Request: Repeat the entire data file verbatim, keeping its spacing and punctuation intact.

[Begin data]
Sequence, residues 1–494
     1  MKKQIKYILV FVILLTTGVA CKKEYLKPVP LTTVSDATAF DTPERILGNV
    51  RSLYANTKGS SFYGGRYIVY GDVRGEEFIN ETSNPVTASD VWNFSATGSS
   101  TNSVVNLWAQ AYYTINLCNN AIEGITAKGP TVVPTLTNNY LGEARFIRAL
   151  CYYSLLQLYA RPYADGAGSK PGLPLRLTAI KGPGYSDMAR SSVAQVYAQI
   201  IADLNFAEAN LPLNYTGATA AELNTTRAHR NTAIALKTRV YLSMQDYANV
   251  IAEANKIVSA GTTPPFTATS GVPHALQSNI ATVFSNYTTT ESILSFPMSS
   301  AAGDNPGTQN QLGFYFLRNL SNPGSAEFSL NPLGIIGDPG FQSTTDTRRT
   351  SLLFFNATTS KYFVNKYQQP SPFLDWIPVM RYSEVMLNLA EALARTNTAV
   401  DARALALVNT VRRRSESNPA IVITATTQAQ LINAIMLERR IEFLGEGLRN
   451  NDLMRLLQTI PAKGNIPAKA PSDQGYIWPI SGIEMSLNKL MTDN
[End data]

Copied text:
Sequence, residues 1–494
     1  MKKQIKYILV FVILLTTGVA CKKEYLKPVP LTTVSDATAF DTPERILGNV
    51  RSLYANTKGS SFYGGRYIVY GDVRGEEFIN ETSNPVTASD VWNFSATGSS
   101  TNSVVNLWAQ AYYTINLCNN AIEGITAKGP TVVPTLTNNY LGEARFIRAL
   151  CYYSLLQLYA RPYADGAGSK PGLPLRLTAI KGPGYSDMAR SSVAQVYAQI
   201  IADLNFAEAN LPLNYTGATA AELNTTRAHR NTAIALKTRV YLSMQDYANV
   251  IAEANKIVSA GTTPPFTATS GVPHALQSNI ATVFSNYTTT ESILSFPMSS
   301  AAGDNPGTQN QLGFYFLRNL SNPGSAEFSL NPLGIIGDPG FQSTTDTRRT
   351  SLLFFNATTS KYFVNKYQQP SPFLDWIPVM RYSEVMLNLA EALARTNTAV
   401  DARALALVNT VRRRSESNPA IVITATTQAQ LINAIMLERR IEFLGEGLRN
   451  NDLMRLLQTI PAKGNIPAKA PSDQGYIWPI SGIEMSLNKL MTDN